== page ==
Realise that members of the public engaging with you democratically should be engaged with by return, corresponded with, valued – and even applauded – not scurrilously branded as scapegoats
Resource yourselves correctly, with enough staff to meet a raised, yet genuine and legitimate demand for public information
Research your extremely chequered history and learn lessons from where you’ve previously gone wrong – quite straightforward, as your record is peppered with numerous failures and breaches
I hope these comments have added some value for you,
Our current Director of Adult Social Services, could (in a hypothetical world) make the following statements that would seem equally as absurd (but are true):
“We spend a disproportionate amount of our Social Services budget on a small number of “troubled” families.”
“We spend large amounts of our budget on residential and nursing home fees for the elderly, however very little is spent on children.”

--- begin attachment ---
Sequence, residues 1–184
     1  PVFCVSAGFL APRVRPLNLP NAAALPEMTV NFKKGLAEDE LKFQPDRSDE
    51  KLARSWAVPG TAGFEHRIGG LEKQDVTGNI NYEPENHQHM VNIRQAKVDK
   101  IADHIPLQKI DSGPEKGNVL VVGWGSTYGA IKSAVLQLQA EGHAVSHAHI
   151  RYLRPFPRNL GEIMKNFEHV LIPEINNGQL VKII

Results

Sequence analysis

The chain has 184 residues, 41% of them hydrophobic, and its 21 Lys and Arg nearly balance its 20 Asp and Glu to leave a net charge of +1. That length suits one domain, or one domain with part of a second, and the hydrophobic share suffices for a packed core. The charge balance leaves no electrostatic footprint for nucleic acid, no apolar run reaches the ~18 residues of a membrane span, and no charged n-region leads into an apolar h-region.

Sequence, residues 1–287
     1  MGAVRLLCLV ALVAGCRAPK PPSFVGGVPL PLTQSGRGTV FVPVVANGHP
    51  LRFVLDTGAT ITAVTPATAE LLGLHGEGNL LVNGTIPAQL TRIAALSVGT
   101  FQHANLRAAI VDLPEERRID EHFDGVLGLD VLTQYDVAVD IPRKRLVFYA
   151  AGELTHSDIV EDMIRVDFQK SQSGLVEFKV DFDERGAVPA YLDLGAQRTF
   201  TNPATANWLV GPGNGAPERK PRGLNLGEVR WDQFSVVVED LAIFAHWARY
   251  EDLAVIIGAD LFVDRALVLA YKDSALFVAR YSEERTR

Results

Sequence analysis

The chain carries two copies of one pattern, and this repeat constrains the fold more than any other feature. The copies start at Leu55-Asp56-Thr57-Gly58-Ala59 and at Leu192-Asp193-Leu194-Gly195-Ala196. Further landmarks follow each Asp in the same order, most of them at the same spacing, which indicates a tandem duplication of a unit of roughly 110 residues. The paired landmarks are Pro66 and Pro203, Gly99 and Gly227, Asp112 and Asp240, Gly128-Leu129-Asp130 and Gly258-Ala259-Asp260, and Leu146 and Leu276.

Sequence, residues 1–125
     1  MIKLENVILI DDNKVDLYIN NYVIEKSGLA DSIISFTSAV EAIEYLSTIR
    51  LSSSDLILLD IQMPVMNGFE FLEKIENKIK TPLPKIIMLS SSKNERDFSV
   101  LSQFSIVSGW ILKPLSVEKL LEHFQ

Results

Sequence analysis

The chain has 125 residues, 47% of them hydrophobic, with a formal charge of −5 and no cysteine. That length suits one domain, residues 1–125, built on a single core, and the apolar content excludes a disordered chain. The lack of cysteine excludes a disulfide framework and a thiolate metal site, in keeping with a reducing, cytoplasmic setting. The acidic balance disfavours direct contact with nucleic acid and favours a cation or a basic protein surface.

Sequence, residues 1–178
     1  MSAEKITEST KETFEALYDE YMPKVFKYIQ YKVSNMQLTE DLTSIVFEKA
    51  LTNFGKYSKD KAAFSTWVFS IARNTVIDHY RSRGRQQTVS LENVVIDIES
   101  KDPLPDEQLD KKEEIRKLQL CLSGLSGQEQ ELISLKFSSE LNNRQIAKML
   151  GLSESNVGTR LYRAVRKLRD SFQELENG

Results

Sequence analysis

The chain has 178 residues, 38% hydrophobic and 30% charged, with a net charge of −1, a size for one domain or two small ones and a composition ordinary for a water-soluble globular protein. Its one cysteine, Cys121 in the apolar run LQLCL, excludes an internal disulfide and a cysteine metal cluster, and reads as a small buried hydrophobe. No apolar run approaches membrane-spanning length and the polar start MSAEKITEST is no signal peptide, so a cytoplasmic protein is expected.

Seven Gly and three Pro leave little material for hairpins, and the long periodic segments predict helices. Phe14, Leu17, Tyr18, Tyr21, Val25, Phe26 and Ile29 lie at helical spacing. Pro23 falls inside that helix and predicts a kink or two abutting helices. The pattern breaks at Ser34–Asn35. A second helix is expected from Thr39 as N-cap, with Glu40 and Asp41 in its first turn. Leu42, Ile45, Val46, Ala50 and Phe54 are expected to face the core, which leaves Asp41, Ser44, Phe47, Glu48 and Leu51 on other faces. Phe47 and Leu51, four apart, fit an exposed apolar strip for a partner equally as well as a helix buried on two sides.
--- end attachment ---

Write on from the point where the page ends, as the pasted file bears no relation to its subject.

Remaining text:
“We spend extremely large amounts of our budget on a small number of the population that are our staff to do work for us”
“We spend large amounts of senior management time explaining what we do to and writing reports for a extremely small part of the population (sixty-six politicians)”
etc etc, in fact look at every part of taxpayer funded services to the population and you’ll find one small part of the population uses a disproportionate amount of services. I mean (using an example from another part of Wirral Council) isn’t it absolutely shocking (sarcasm intended) how much Wirral Council spends on educating children?
The above are just facts. However going back to some facts and FOI, it’s not the amount of information that is requested that is the problem. I will give an example, someone requests a Cabinet report that happens to total 283 pages. This is already published on Wirral Council’s website. Once a request comes in, it takes literally a few minutes to find it and email the requester a link (or even less time to say it’s already published on their website). A lot of information has been provided efficiently.